18. Say a gracious, “no thank you” to that second helping of Aunt Millie’s mashed potatoes and avoid becoming a statistic. Detroit went from funky town to chunky town when Men’s Fitness magazine named us the fattest city in the U.S. in 2004. The next year, we dropped to third. And things continue to look up, er, down. This year, we’re No. 15, which isn’t great, but at least we’re heading in the right direction.
19. The XL in 2006’s Ford Field Super Bowl XL may have meant the 40th championship game for the NFL, but here in Michigan we were thankful for those Roman numerals and applied the meaning of “extra large.” Historically, Michigan always ranks well on the big charts. Our two major colleges are Big Ten schools, we have the world’s largest tire, two of the world’s largest cherry pie tins, the world’s largest cuckoo clock in Frankenmuth, and usually we tip the scales as one of the heaviest weighing states (see above).
20. Cultural diversity is a good thing, and the ethnic picture is changing around here. For decades, things have been pretty black and white, but according to the U.S. Census Bureau, the Asian population in Michigan grew 26 percent between 2000 and 2006, with Canton seeing a 100-percent spike and Dearborn a 61-percent rise. The Hispanic population is on the upswing, too.
21. Water. Fresh water! The Great Lakes State has more than 11,000 inland lakes and more than 36,000 miles of streams and is bordered by four of the five Great Lakes. From sailing, boating and water skiing in the summer to ice skating and fishing in the winter, we are deeply thankful for this natural resource.
22. Is it the view itself we’re thankful for, or is it the return down to the ground? Whatever it is, the elevator going up and down 73 floors of the tallest hotel in the United States at GM’s Renaissance Center is one helluva ride.
23. Six was a big number in ’06. Not that it froze over, but Hell, Mich., hosted a special screening for the remake of The Omen. The city did cash in on all things 6-6-6.
24. Though we are the Wolverine State, there are actually none of these “bear skunk” carnivores prowling our terrain.
25. Hockey Town, Hoop City, Tiger Town, Big 10 Country, Motor City, CarTown, Motown, The D. You’d be hard-pressed to find another city with so many endearing monikers.
26. There has to be some reason to be grateful for the icy-cold waters of winter. Sacrifice your perfect body temperature by participating in a February/March fundraising dip as part of Polar Plunges in Belleville and Detroit. It’s all for a good cause — money raised benefits Special Olympics Michigan.
27. Two is better than one, and of course here in Michigan we have the Lower Peninsula and the Upper. Those residing way up north are commonly referred to as Yoopers, and they call us — those who live under the Mackinac Bridge — trolls. Be thankful someone sorted that out.
28. It may be an odd time to think about air conditioning in a retail space, but why not? The first air conditioner to cool consumers started right here at J.L. Hudson’s in 1924, and we’re grateful, especially in July.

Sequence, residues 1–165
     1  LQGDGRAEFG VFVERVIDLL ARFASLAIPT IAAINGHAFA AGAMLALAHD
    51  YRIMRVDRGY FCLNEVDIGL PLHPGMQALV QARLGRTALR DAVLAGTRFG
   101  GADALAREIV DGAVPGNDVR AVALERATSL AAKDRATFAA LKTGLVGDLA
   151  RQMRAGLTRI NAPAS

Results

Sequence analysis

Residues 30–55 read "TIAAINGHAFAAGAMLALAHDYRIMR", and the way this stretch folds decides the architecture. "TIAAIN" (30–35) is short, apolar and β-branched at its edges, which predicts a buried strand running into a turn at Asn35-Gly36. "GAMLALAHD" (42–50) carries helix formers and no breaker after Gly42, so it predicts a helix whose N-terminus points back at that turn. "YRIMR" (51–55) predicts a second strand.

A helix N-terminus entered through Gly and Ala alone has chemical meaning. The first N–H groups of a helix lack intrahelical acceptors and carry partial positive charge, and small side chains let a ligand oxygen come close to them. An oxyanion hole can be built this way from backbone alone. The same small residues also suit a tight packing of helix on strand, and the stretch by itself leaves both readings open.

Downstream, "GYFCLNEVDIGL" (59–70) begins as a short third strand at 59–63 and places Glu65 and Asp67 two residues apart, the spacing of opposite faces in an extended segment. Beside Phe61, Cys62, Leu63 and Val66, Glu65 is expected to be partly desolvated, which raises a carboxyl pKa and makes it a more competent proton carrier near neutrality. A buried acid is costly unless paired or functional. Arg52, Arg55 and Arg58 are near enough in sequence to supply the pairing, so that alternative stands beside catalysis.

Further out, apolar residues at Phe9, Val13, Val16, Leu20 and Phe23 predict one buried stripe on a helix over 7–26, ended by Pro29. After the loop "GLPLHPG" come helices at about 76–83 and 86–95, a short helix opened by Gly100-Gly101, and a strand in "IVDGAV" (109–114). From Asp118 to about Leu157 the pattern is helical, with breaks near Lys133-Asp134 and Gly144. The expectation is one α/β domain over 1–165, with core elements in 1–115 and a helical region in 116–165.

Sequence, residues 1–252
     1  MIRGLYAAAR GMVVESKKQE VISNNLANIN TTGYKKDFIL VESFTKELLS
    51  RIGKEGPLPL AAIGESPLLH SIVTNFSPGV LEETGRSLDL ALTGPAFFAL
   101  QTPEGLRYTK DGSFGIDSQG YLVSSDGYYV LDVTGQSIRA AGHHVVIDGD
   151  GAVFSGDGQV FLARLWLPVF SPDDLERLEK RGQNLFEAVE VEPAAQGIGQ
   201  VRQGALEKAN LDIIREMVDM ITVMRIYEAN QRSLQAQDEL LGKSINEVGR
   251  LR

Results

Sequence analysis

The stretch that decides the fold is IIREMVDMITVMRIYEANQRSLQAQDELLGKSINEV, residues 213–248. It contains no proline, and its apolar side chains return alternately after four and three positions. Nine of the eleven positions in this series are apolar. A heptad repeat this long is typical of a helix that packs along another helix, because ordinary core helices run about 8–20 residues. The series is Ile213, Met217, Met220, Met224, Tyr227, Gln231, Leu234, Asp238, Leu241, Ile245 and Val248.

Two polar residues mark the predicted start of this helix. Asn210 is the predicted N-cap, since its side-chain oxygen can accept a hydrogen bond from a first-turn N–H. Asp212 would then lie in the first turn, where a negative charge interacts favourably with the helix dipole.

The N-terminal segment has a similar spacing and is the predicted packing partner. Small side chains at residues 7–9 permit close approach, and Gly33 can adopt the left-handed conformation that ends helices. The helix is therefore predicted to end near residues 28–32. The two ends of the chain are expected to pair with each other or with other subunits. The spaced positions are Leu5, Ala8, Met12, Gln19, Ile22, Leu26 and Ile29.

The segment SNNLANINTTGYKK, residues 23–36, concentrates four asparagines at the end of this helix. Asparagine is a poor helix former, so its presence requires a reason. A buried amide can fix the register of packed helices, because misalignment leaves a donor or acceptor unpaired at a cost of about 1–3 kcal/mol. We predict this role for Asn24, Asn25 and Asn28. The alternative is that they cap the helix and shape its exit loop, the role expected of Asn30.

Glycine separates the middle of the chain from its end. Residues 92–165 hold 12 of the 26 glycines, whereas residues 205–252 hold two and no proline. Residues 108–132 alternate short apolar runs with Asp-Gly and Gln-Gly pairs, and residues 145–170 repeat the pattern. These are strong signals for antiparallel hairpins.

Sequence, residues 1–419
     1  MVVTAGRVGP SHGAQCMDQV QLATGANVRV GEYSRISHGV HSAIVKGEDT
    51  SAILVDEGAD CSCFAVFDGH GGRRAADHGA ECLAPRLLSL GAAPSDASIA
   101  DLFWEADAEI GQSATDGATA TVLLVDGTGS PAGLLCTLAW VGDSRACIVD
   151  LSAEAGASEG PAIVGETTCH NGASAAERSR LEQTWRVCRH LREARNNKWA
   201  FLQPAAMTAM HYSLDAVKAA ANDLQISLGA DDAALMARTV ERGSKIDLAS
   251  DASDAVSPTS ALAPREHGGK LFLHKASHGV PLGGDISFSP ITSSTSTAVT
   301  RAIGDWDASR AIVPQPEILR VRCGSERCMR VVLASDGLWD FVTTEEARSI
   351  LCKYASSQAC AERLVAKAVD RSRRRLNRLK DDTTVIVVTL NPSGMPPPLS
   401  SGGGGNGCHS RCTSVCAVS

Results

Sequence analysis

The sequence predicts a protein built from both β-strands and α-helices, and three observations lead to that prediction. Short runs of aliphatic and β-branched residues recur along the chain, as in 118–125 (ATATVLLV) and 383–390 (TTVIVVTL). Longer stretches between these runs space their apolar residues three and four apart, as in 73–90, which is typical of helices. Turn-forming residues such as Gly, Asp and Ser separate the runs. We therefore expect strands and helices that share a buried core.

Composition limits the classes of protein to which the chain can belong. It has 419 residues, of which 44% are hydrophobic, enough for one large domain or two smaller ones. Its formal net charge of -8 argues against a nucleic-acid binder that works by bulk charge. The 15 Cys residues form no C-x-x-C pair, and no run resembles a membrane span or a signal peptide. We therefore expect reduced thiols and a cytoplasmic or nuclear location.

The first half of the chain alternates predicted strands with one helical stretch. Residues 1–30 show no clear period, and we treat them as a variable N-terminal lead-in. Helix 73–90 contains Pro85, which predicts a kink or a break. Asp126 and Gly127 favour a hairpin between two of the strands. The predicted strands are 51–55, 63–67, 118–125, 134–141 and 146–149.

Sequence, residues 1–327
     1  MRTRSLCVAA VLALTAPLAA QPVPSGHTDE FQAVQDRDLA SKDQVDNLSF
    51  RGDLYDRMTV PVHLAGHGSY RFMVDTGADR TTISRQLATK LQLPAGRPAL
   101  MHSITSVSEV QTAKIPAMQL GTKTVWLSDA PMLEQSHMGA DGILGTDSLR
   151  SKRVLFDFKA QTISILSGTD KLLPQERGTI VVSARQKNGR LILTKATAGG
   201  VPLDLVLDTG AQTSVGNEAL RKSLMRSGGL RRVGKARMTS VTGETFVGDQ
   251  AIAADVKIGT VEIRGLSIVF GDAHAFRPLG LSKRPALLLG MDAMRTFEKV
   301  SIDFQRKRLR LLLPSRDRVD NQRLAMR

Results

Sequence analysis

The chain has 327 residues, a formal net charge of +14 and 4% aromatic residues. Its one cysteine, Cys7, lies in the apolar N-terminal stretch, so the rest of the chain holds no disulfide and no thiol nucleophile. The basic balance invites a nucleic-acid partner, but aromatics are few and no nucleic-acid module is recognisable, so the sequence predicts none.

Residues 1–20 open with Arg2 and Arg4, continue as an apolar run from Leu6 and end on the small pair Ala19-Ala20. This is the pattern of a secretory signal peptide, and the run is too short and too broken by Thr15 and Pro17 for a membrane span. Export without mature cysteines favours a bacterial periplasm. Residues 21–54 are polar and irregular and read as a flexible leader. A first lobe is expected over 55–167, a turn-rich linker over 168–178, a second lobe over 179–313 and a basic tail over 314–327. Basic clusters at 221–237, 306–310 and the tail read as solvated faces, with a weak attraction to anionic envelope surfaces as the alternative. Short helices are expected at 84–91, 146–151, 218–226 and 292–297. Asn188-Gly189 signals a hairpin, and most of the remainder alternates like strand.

29. “Hear those sleigh bells jingling, ring-ting-tingling too,” and you know it’s Christmastime in Detroit, especially at 100.3 WNIC. At least some Detroiters are thankful for the round-the-clock Christmas music that begins in November, giving us almost two months of nonstop musical cheer.
30. Speaking of metro Detroiters starting their holiday reveling early: No doubt you’ve helped cause the traffic jam on Lakeshore Drive in Grosse Pointe Shores to witness the 7-foot angels or taken a cruise around Clinton Township in the Villa Di Fiore sub. For those who like more structure, there’s the Wayne County LightFest.
32. Whether you go to get in the holiday spirit, get ideas for your own tree or just to admire the lights, the Festival of Trees doesn’t disappoint. It benefits Children’s Hospital of Michigan in the bargain. And if you’re really charmed (or lazy), you can buy the decorated trees afterward. Now that’s what we call Christmas shopping.
31. Meadow Brook Hall’s seasonal Holiday Walk is not only a great way to get the family in the yuletide spirit, it’s also a great way to burn off some of those extra calories from all the social gatherings on your busy schedule. Take a stroll Nov. 24 through Dec. 22.
33. It’s cornier than Kellogg’s, but there’s a reason for all those billboards — Bronner’s in Frankenmuth really is a big tourist attraction, with its Christmas-all-year inventory. Go for the artificial trees, stay for the chicken. Or the kitsch and chips.
34. No more waiting in line to see Santa. Have your junior Donald Trump check his Treo to find out when he’s got time for the Jolly Old Elf. Of course, the Somerset Collection allows your kid to get call-ahead seating for space on the lap of Mr. Claus.
Food & Drink
35. When it’s cold and snowy, head to Palmer Park. Well, maybe more like 422 W. Willis. Grab a coffee and savor Avalon Bakery’s Leelanau Cherry Walnut Bread, Poletown Rye and Dexter-Davison Rye. It’s a scrumptious combination that makes you appreciate the fact that you live and drive in Detroit.
36. Go ahead and order that Redcoat Burger. You’ll thank the tavern in Royal Oak for helping avoid the inevitable holiday pounds. The thick patties are made with naturally lean and tender Piedmontese beef, which means low in fat but high in quality and taste.